Overview

The number of unexplained losses of controlled substances from Canadian hospitals has increased annually since 2010 1,2


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Daily access to controlled substances and a stressful work environment are significant risk factors for developing a substance abuse disorder, and have significantly contributed to job-related mortality for some health care professions (anesthesiology, nursing) 3, 4, 5


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Diversion (theft) of controlled substances poses significant risks to patient safety. Consequences to patients include receiving less than the full dose of medication, caregivers working in an impaired state, and infection outbreaks from contaminated needles 6


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Best practices

BD advocates for the adoption of best practices to prevent, detect and manage diversion

The Institute for Safe Medication Practices (ISMP) supports the use of Automatic Dispensing Cabinet (ADC) systems that use biometric ID to enable secured access7.

The Canadian Society for Hospital Pharmacists recommends that inventory management processes be part of a linked system that allows controlled substances to be easily tracked as they move through the facility, and advocates for the continuous review of measurable and objective key performance indicators to prevent and detect diversion8.

BD Technologies

How BD Technologies can help improve security

BD’s technologies provide secured access to controlled substances through automated technology, enabling traceability and visibility to opioid dispensing and distribution across the medication-use process.9,10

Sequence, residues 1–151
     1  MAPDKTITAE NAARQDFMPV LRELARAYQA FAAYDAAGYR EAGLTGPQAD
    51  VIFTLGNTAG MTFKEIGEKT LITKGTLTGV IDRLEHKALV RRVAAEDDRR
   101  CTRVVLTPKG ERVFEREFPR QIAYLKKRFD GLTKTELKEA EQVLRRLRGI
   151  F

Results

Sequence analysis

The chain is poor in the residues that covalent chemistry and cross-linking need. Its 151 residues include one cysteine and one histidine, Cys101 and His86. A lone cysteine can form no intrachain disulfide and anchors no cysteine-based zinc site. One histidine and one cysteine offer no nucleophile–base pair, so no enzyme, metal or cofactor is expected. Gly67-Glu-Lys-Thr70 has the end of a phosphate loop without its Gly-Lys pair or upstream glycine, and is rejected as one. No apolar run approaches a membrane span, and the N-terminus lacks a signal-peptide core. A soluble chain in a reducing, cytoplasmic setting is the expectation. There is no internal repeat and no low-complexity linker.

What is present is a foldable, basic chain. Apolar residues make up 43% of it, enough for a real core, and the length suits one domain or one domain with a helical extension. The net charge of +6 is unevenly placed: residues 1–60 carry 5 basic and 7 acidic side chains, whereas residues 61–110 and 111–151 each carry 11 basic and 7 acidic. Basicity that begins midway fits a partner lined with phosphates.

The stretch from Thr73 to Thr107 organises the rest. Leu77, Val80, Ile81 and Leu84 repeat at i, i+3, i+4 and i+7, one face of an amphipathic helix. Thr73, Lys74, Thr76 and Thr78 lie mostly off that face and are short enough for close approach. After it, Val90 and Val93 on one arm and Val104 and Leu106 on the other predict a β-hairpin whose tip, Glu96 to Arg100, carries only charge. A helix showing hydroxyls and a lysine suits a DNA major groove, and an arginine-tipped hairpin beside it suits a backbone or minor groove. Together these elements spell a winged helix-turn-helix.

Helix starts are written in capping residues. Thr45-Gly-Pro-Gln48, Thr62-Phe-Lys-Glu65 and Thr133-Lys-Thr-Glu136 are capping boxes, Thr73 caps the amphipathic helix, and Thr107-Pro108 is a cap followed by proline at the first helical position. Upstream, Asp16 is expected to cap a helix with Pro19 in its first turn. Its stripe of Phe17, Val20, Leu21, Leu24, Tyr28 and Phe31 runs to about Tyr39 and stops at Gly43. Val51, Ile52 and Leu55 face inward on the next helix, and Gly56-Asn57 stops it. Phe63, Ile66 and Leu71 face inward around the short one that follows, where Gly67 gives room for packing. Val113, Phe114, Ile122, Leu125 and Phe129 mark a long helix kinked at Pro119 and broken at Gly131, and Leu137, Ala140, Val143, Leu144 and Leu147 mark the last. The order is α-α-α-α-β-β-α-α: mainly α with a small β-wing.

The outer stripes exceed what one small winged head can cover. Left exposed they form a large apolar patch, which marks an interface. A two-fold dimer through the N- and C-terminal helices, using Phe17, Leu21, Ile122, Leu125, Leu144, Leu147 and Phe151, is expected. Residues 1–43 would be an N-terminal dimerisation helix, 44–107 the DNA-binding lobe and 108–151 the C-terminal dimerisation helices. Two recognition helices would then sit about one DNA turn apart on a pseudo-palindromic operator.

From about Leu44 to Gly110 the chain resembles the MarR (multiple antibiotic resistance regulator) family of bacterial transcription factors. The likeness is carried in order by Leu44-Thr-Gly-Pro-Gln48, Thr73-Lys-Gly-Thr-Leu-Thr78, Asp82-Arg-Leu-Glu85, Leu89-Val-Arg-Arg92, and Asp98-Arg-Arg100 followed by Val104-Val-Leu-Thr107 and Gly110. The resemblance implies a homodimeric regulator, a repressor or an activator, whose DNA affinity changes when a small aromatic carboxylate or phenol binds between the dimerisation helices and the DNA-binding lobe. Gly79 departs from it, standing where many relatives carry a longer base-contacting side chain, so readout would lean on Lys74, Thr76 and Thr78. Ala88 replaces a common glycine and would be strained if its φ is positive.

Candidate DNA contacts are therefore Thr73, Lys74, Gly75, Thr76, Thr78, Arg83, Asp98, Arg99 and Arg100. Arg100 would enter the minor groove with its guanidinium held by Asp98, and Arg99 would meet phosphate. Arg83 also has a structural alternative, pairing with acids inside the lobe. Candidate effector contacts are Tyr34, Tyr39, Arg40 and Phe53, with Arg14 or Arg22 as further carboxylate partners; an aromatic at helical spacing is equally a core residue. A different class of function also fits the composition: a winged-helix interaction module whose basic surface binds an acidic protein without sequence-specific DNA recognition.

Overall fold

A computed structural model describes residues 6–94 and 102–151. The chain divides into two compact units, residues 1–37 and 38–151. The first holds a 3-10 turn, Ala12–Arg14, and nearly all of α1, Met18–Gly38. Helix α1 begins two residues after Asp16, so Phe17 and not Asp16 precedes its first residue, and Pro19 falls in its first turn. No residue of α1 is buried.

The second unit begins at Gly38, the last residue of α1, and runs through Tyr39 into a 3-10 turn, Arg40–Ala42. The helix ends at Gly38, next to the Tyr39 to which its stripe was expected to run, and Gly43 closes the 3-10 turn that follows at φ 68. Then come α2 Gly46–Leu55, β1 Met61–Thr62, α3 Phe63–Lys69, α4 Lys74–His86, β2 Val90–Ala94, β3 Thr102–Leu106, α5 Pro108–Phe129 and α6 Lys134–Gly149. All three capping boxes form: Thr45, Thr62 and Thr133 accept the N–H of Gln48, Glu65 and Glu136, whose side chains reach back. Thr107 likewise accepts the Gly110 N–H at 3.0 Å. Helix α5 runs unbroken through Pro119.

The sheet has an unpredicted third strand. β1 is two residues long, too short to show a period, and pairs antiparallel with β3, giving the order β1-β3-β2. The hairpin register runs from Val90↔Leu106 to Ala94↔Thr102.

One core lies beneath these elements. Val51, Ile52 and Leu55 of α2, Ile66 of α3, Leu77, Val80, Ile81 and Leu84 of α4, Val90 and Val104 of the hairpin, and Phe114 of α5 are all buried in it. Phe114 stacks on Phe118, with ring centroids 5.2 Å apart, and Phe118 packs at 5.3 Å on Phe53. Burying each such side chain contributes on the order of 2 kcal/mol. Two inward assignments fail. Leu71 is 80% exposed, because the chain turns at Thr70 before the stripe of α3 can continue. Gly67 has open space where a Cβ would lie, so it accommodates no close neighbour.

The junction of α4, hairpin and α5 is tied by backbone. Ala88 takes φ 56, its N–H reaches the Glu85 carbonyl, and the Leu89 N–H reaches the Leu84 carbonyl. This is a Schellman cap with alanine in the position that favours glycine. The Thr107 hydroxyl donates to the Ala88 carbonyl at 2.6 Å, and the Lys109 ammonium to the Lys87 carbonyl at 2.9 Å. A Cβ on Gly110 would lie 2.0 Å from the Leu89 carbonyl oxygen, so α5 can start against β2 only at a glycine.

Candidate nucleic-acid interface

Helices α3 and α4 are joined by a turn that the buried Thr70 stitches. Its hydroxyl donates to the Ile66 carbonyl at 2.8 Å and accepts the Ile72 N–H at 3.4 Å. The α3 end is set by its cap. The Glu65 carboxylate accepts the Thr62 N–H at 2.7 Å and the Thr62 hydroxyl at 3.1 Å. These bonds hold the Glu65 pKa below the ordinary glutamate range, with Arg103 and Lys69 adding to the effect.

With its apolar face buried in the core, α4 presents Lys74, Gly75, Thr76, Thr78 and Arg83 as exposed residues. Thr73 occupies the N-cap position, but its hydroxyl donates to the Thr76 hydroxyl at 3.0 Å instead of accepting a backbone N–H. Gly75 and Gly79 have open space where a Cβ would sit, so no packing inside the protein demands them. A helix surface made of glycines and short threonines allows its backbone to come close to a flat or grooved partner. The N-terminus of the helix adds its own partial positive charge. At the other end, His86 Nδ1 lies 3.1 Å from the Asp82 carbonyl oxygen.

BD improves diversion management capabilities within a facility by analyzing dispensing and administration activities and providing trend analysis and benchmarking metrics. 10

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References
  1. https://www.macleans.ca/society/health/unexplained-losses-of-opioids-on-the-rise-in-canadian-hospitals/
  2. Fan 2018. Identifying vulnerabilities in hospital medication processes that facilitate diversion in Canada. Canadian Society of Hospital Pharmacy Professional Practice Conference – February 6 2018.
  3. Trinkoff AM, Zhou Q, Storr CL, Soeken KL. Workplace access, negative prescriptions, job strain, and substance use in registered nurses. Nursing Research. 2000 Mar 1; 49(2):83-90.
  4. Warner DO, Berge K, Sun H, Harman A, Hanson A, Schroeder DR. Risk and Outcomes of Substance Use Disorder among Anesthesiology Residents: A Matched Cohort Analysis. The Journal of the American Society of Anesthesiologists. 2015 Oct 1; 123(4):929-36.
  5. Pilgrim JL, Dorward R, Drummer OH. Drug‐caused deaths in Australian medical practitioners and health‐care professionals. Addiction. 2016 Jan 1.
  6. Injection Safety [Internet]. Centers for Disease Control and Prevention. Centers for Disease Control and Prevention; 2017 [cited 2017 Jun2]. Available from: https://www.cdc.gov/injectionsafety/drugdiversion/
  7. Guidelines for the Safe Use of Automated Dispensing Cabinets [Internet]. Institute For Safe Medication Practices. 2019 [cited 4 March 2019]. Available from: https://www.ismp.org/resources/guidelines-safe-use-automated-dispensing-cabinets
  8. Canadian Society for Hospital Pharmacists. Controlled Drugs and Substances in Hospitals and Healthcare Facilities: Guidelines on Secure Management and Diversion Prevention. March 2019.
  9. Anyanwu C, Egwim O. The prevalence and determinants of controlled substance discrepancies in a Level I trauma hospital. American health & drug benefits. 2016 May;9(3):128.
  10. Epstein RH, Gratch DM, McNulty S, Grunwald Z. Validation of a system to detect scheduled drug diversion by anesthesia care providers. Anesthesia & Analgesia. 2011 Jul 1;113(1):160-4.